Sing 2 – movie review

Colour, movement, quirky characters and an up-tempo soundtrack feature in the animated musical adventure Sing 2.

A troupe of performing animals led by impresario Buster Moon (Matthew McConaughey) – a koala – is playing sold-out shows in a small town. In the audience one night is canine talent scout Suki Lane (Chelsea Peretti), who is less than impressed and bails at interval. Buster is mortified, but the grand old dame of the theatre, sheep Nana Noodleman (Jennifer Saunders), encourages him to show his mettle and plough on. He does so by rounding up his friends and heading to Redshore City, a place not unlike Las Vegas. There Buster seeks an audience with the head of Crystal Entertainment, wolf Jimmy Crystal (Bobby Cannavale), who is known to be ruthless.

Buster wants the gang to play at Crystal Tower Theatre. Although initially rejected, Buster uses his ingenuity. He sells the band on their connection to reclusive rock legend Clay Callaway (Bono), who hasn’t performed since his wife passed away more than 15 years ago. Unbelievably, they get the gig. Now they have to contact Callaway and lure him out of self-imposed exile. This will prove to be no easy feat. Buster also finds himself on the wrong side of Jimmy Crystal after he demotes Crystal’s spoiled daughter Porsha (Halsey) from the position of the show’s lead.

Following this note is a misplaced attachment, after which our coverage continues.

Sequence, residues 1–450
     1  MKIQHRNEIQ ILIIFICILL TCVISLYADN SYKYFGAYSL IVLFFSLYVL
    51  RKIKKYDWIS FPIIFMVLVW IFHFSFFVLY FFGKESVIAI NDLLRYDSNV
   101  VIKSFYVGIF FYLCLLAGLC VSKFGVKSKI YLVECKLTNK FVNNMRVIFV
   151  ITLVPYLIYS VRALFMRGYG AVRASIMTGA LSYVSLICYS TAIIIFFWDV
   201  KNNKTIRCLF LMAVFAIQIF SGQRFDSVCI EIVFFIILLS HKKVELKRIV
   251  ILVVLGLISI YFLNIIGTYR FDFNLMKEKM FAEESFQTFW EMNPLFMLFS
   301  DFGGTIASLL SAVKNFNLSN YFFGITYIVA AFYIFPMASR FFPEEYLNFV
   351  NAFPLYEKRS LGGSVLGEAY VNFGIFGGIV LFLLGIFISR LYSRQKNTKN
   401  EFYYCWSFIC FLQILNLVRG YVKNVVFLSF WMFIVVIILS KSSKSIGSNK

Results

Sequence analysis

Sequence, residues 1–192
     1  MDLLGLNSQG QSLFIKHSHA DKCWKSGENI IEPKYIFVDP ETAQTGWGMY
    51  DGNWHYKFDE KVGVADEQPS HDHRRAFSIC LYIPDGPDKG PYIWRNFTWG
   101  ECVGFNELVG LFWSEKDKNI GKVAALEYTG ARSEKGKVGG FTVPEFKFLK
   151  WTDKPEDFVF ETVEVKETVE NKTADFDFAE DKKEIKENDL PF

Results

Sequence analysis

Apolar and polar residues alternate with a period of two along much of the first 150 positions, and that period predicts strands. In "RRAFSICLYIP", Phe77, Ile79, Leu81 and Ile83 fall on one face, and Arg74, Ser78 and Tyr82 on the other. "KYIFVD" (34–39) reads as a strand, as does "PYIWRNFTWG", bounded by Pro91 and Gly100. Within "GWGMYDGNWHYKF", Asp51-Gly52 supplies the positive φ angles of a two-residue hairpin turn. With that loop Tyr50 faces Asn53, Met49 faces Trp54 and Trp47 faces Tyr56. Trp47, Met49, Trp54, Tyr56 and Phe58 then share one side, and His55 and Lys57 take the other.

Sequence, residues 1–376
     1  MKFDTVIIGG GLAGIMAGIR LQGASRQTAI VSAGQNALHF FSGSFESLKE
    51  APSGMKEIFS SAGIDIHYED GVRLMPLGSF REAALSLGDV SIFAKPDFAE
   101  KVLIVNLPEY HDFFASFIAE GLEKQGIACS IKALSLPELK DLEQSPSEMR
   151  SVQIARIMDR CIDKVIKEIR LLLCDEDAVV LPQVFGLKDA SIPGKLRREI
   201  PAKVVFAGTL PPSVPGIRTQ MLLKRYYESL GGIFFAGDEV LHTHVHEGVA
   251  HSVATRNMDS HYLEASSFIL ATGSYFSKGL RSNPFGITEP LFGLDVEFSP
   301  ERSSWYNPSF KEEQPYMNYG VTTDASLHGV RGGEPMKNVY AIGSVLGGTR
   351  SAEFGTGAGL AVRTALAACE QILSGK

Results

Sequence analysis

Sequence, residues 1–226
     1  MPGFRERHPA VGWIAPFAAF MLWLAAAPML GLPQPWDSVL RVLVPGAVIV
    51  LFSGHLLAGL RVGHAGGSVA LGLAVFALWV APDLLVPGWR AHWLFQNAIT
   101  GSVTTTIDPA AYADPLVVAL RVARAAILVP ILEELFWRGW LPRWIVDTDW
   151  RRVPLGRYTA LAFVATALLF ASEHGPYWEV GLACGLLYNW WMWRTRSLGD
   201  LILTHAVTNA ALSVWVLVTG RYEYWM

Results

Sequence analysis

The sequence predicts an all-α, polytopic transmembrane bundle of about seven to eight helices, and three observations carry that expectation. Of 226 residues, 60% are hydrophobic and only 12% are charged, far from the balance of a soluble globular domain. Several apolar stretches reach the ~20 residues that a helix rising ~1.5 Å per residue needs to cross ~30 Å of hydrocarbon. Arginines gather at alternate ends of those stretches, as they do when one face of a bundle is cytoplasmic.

Sing 2 delivers a straightforward but well-executed narrative. The foibles imbued in each character give the movie its oomph. Pig Rosita (Reece Witherspoon) is afraid of heights. Mountain gorilla Johnny (Taron Egerton) is frustrated at not being able to get his choreography en pointe. Elephant Meena (Tori Kelly) is a real softie who discovers love. Porcupine rocker Ash (Scarlett Johansson) has a can-do attitude. Pig Gunter (Nick Kroll) loves the fact that it is his ideas that form the basis of the musical extravaganza that they are all preparing for. The respectable and compliant iguana Miss Crawly (Garth Jennings) grows teeth when she is temporarily tasked with keeping the troupe on schedule.

Garth Jennings, who wrote and co-directed Sing (2016), is back in charge again. He ensures Sing 2 has warmth and heart.

You don’t need to have seen the original to appreciate this sequel, but it certainly wouldn’t hurt. Sing 2 is a light-hearted romp with a ripping soundtrack.

Alex First

Other reviews you might enjoy: